Frustrations of iMovie

So. I showed the final draft of the Café Mama movie and hit export. The spinning beachball of death shows up. Imovie crashes for the hundredth time. When it opens up, the final draft is gone and the penultimate draft opens. I search and it is really gone. I am looking through hidden files to see if I can find the crashed version and if it is repairable. 


We are at T-12 hours to launch time.

Our aim

Café Mama helps mothers achieve their breastfeeding goals and be happy, confident, caring and connected.

Website is live!

The website is live and without too many issues. :-)

I was able to figure out a Mission/Aim statement that includes the word breastfeeding without it being overwhelming.  I'm still not clear on the forum for the membership site.

Kickstarter vs GoFundMe

Michael suggests, after quite a bit of research, that he thinks GoFundMe will be a better choice for crowdfunding. I am stricken with disappointment as a vision of thousands of disasters that have befallen people flank my little Café Mama breastfeeding project. Kickstarter seems so chic, so hip, so... "product oriented." I research GoFundMe and find a number of non-disaster projects, a much better funding probability and give it the go-ahead.

I'll use Kickstarter for my books. :-)

The financial case for Café Mama

The problem at hand

In New York State, 81% of all babies start out breastfeeding, but by age three months 67% of all babies are partially or fully formula fed. By six months, that number rises to 87% according to the Centers for Disease Control and Prevention’s 2010 Breastfeeding Report Card.

Only 13% of American babies are exclusively breastfed to 6 months. Among African-American babies, the rates are significantly lower, 58% start out breastfeeding, and 28% breastfeed at six months, with 8% exclusively breastfed at six months.

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The baby milk muscle.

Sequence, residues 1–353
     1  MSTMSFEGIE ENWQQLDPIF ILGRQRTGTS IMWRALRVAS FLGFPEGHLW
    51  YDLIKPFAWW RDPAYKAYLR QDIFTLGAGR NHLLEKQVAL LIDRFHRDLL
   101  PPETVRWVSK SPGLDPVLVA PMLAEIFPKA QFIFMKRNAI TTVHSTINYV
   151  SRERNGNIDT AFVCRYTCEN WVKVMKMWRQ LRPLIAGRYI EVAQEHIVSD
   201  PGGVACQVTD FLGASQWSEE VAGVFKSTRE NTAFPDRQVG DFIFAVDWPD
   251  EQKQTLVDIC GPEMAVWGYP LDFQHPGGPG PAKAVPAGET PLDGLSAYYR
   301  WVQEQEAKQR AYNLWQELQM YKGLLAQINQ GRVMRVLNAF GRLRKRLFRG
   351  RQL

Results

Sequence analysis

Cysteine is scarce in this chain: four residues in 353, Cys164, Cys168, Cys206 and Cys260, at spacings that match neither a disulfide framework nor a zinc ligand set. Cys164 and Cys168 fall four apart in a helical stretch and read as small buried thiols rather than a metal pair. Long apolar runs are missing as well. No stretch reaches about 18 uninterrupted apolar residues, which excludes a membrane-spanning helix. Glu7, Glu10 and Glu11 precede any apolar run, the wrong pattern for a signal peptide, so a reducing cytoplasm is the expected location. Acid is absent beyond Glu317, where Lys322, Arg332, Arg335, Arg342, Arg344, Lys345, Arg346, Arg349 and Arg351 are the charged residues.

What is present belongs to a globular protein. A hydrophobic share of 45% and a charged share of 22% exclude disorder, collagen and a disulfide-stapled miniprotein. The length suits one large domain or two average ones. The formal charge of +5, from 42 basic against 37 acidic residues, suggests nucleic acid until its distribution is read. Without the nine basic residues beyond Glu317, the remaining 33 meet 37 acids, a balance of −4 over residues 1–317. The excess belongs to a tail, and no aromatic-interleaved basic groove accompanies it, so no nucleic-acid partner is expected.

For nearly one hundred years corporations have successfully muscled into the business of feeding babies. Ulster County, NY is home to the farm of Gail Borden, and his invention, Eagle Sweetened Condensed Milk, which was first touted as a high nutrition infant formula in the 1860s.

Lovable cash cow Elsie sealed the deal with her wholesome, bashful ways. A fresh market of 130 million new babies born each year worldwide is hard to pass up by multinational pharmaceutical companies who position infant formula as a convenient, safe alternative to breastfeeding. The Nestlé Corporation, didn't invent formula samples, they took it to a new level and earned the moniker "The Baby Killers" and a 4 decades-long consumer boycott for their efforts. 

Today, every mom can count on ample free formula samples "just in case breastfeeding doesn't work out." And most willingly accept and use it without knowing the risks or having access to support and resources that nearly guarantee that breastfeeding will work out. 

Bottle-feeding is the norm and images of bottles and bottle-fed babies are everywhere.


 “Why is this a problem? I had formula and I turned out OK.” 


Every medical association including: The New York State Health Department, The American Academy of Pediatrics, College of Obstetrics and Gynecology, The Surgeon General, The Center for Disease Control and The World Health Organization, recommend most babies exclusively breastfeed for 6 months and continue breastfeeding along with complementary foods for a year or more. The United States Healthy People 2020 objectives for breastfeeding are: 82% ever breastfed, 61% at 6 months, and 34% at 1 year.

There are many health benefits:

  • Breastfeeding protects babies from infections and illnesses that include diarrhea, ear infections and pneumonia.
  • Breastfeeding reduces the risk of sudden infant death syndrome (SIDS).
  • Breastfed babies are less likely to develop asthma.
  • Children who are breastfed for six months are less likely to become obese.